Same deal with P.Z. Pilzer. Because ONE economist says MLM is great and is the wave of the future, does that make it so? Hardly. I'd venture to say I could find ONE person in any occupation to endorse just about any idea. But that ONE person does not represent consensus. Not even close. MLM is based on "keeping people in". The Washington Post just ran a front-page story the other day about home-based businesses that said of MLM: "the real money is not is sales, but in finding others to do the same thing you do." (It was not written with a negative tone either). So, to evaluate MLM as an industry, you need to carefully examine what the "successful" MLMs do to keep people in. Amway is far-and-away the biggest and they are now in servitude to the Britt and Yager systems. Yes, the corporation is a separate entity and many of the problems arise from the systems of "independent" distributors. But if you cut those two huge systems out, there wouldn't be much left of Amway in the U.S.A.--simple as that. Other "successful" MLMs include: Excel, Equinox, and NuSkin...it's not hard to find people who have had even worse experiences with these than with Amway. The Bill Gouldd guy who founded Equinox sounds like a true whacko. True, there are some small, well-managed companies with which people can be quite successful--the Pampered Chef comes to mind from the article in the Post. And Avon and Tupperware continue to be household names--though, how many people do you know who sell either, and of those people, how many have become "financially independent" and generated "unlimited residual income"?
In my real-live-economist opinion, the bottom line is this--MLM has generated small side incomes for many people for a long time and will continue to do so. Recently, people like Kevin Trudeau, Bill Gouldd, Bill Britt, Paul Miller, and the rest of the Amway diamonds have discovered effective ways to "keep people in" and as a result have become lavishly wealthy. Their "success" (and I use that term very loosely) has helped give rise to the the theory that MLM is approaching the "3rd Wave" and that it will take over as a distribution industry standard, causing supermarkets, Wal-Marts, and other superstores to go out of business because they can't compete with the efficiency MLM offers. At least one notable financial planner (Sestina) and at least one notable economist (Pilzer) subscribe wholeheartedly to the this theory.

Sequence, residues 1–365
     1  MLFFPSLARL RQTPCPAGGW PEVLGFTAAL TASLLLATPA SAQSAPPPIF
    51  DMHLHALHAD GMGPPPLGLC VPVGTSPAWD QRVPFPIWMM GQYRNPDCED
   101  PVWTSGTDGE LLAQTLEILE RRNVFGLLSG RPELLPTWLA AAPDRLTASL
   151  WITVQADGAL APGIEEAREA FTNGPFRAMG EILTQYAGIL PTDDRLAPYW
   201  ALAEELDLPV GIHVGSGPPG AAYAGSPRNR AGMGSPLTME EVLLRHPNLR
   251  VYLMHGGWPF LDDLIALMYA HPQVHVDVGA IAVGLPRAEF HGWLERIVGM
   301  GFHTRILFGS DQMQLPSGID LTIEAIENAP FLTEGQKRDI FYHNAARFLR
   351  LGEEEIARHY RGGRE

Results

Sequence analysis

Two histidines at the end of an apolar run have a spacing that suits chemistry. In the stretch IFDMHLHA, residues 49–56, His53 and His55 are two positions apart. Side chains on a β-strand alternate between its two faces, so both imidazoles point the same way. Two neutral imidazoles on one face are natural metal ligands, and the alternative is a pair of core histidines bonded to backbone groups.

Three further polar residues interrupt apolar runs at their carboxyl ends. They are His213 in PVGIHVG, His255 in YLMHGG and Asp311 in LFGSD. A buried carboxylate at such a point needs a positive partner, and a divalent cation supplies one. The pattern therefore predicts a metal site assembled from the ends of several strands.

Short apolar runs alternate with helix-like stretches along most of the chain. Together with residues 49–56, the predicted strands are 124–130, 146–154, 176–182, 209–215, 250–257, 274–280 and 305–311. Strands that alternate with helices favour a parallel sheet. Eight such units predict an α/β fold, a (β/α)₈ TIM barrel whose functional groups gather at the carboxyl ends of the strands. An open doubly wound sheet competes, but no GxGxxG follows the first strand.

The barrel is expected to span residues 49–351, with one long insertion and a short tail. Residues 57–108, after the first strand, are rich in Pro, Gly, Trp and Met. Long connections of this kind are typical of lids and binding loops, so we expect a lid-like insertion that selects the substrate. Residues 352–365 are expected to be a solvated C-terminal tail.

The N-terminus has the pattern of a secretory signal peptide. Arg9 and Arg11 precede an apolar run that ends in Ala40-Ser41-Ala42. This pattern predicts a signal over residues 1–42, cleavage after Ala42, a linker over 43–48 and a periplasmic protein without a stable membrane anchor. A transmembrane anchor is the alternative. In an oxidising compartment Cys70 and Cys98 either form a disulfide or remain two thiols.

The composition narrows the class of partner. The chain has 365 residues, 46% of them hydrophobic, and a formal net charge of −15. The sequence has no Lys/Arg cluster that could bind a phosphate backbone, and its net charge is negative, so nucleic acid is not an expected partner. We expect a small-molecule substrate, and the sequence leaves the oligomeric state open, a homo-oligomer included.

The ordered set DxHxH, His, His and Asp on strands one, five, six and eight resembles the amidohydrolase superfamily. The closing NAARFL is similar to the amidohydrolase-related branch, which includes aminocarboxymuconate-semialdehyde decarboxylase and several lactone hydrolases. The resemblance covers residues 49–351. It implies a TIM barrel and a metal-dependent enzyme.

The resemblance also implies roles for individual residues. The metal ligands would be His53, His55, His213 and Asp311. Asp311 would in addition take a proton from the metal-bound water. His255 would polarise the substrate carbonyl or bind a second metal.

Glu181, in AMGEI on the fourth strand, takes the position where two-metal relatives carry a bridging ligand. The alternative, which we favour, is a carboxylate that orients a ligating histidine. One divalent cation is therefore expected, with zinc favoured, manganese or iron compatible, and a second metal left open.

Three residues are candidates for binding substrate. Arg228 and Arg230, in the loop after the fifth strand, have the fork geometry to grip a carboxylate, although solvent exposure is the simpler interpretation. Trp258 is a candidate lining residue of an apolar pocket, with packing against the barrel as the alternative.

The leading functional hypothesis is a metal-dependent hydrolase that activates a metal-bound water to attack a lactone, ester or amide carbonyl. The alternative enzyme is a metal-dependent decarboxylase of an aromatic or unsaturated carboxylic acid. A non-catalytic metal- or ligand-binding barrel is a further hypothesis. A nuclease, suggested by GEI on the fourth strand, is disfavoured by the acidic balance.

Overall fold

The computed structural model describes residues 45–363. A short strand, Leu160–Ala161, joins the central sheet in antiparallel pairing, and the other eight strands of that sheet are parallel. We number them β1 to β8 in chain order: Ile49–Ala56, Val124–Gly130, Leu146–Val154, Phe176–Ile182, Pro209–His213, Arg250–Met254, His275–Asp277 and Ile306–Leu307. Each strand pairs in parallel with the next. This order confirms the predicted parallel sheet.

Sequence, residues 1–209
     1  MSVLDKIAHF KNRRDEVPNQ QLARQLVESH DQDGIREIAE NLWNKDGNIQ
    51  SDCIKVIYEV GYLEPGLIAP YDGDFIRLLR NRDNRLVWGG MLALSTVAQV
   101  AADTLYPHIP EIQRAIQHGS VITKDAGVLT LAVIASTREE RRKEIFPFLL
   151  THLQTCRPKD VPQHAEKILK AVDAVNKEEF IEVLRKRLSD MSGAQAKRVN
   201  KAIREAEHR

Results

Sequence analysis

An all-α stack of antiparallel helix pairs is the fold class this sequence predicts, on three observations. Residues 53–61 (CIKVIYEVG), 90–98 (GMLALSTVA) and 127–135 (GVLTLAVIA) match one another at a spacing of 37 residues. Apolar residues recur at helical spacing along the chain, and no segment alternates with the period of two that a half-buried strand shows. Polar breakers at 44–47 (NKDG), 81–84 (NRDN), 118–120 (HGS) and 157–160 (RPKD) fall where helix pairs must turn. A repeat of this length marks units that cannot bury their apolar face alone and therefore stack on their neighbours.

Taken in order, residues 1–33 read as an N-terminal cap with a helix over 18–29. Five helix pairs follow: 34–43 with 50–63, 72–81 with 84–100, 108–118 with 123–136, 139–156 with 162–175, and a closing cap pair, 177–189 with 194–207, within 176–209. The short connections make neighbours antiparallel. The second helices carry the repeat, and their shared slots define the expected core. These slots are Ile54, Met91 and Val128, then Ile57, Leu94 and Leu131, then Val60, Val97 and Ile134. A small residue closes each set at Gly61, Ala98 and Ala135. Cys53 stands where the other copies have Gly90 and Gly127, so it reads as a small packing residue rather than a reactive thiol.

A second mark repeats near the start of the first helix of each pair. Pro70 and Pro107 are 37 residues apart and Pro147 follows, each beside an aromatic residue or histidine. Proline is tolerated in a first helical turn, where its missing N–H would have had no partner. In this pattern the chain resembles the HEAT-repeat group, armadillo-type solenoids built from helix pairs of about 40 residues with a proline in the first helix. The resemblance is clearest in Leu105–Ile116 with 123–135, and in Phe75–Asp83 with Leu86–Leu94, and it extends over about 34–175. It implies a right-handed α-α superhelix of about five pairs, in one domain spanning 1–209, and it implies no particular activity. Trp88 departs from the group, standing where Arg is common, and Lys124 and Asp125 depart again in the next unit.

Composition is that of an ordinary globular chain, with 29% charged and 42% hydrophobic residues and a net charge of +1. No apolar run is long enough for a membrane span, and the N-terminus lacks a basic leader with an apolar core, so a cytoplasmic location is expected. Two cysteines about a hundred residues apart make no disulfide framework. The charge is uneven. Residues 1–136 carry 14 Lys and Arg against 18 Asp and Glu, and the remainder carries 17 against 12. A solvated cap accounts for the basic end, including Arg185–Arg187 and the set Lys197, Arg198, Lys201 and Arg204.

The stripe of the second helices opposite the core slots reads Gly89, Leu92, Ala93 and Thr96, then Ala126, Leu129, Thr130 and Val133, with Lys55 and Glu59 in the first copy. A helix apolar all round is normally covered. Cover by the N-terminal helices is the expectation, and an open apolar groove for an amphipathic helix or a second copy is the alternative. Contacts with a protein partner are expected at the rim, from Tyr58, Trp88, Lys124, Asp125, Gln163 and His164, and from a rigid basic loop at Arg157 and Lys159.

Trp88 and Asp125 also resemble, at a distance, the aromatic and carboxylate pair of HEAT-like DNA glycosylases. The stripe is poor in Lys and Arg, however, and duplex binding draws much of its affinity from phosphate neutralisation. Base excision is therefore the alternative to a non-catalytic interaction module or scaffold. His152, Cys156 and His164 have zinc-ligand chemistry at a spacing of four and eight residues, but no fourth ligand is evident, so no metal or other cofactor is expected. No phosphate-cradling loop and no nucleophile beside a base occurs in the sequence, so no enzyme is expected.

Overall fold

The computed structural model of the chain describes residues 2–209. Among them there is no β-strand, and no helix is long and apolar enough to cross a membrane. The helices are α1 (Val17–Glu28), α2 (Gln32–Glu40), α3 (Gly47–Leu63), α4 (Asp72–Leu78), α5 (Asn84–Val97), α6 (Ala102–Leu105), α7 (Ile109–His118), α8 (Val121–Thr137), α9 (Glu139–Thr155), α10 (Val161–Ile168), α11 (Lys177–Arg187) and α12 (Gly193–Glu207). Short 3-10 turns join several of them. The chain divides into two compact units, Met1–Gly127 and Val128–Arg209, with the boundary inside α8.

But the mechanism that "keeps people in" is the foundation of the Wave 3 theory--"residual income" is only residual if a lot people below you are still buying a lot of stuff. And from my experience and research, the incomes of a company's "heavy-hitters" are inversely proportional to the ethics they use to keep their downline "in". In other words, the most deceitful and cultish leaders are the best at motivating their downline into a consistent buying frenzy and thus make the most money. The Internet is a dreadful threat to these people. In the past, Sidney Schwartz would just be a number; if he quit, so what, replace him with someone who will follow the system. "It's a numbers game", the uplines teach (Yes, they really do say that about PEOPLE! And the corporations are bad?!) Now, you and Sidney--and all of the folks who have done such a great job setting up pages--can get your messages out to millions of people worldwide, thereby greatly lessing the efficacy of the "heavy-hitters" distributor-retention systems. The easy availability of information counter to the systems' teachings is a HUGE threat, make no mistake about it. One of the things that makes cult techniques effective is isolation, either physical, intellectual, or both (look at the folks in San Diego...) "Listening to negative influences" is really cultspeak for "looking at all the facts to make an informed decision". For these reasons, I do not think that MLM as it is practiced by the large Amway systems has a very bright future at all. And MLM as it is practiced by the more reputable companies simply will not generate the momentum on a grand scale to reshape the entire economy. We have our problems, sure, but America is pretty darn competitive right now; Japan and Europe are struggling mightily. Tough though it's been, the corporate consolidation trend has made for some extremely effective companies that do not now nor will they in the future have anyhing to do with MLM. So keep up the good work, and don't sell your Wal-Mart stock just yet...